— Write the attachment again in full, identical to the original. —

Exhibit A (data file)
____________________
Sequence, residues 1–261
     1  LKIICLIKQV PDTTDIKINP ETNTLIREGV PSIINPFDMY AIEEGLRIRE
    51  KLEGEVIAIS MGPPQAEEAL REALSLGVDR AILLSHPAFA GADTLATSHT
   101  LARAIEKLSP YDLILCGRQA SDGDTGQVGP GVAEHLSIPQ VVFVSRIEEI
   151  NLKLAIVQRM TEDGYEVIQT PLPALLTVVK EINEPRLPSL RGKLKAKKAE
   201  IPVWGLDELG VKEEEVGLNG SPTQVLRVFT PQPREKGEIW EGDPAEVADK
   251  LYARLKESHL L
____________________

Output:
Sequence, residues 1–261
     1  LKIICLIKQV PDTTDIKINP ETNTLIREGV PSIINPFDMY AIEEGLRIRE
    51  KLEGEVIAIS MGPPQAEEAL REALSLGVDR AILLSHPAFA GADTLATSHT
   101  LARAIEKLSP YDLILCGRQA SDGDTGQVGP GVAEHLSIPQ VVFVSRIEEI
   151  NLKLAIVQRM TEDGYEVIQT PLPALLTVVK EINEPRLPSL RGKLKAKKAE
   201  IPVWGLDELG VKEEEVGLNG SPTQVLRVFT PQPREKGEIW EGDPAEVADK
   251  LYARLKESHL L